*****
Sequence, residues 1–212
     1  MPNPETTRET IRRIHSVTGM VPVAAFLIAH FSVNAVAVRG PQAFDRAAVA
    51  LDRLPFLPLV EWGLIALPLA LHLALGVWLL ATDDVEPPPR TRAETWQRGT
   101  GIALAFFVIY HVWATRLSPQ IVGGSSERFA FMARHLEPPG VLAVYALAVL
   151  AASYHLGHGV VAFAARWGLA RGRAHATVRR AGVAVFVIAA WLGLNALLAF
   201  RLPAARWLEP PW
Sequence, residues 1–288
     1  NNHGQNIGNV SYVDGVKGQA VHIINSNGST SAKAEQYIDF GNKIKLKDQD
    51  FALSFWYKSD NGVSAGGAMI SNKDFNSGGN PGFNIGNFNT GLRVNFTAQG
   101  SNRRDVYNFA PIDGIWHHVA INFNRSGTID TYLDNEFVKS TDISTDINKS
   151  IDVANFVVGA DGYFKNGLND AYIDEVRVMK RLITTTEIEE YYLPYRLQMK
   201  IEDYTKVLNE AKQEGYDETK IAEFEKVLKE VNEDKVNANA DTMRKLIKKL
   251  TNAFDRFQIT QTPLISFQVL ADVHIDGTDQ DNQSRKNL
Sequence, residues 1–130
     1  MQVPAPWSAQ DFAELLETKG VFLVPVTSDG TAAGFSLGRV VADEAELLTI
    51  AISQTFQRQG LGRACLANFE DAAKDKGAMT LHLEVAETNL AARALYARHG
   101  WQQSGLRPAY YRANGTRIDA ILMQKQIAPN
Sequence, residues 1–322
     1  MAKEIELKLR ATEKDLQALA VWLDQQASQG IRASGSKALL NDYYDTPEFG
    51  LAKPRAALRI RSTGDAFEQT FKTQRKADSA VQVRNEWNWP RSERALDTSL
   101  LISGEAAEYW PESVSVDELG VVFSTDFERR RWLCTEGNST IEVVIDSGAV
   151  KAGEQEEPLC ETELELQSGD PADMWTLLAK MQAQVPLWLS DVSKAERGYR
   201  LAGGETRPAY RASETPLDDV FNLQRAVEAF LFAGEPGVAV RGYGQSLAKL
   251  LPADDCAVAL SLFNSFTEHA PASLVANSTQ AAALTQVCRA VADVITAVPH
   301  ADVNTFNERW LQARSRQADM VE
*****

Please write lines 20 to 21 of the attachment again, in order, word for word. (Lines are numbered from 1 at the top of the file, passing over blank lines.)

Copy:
    51  LAKPRAALRI RSTGDAFEQT FKTQRKADSA VQVRNEWNWP RSERALDTSL
   101  LISGEAAEYW PESVSVDELG VVFSTDFERR RWLCTEGNST IEVVIDSGAV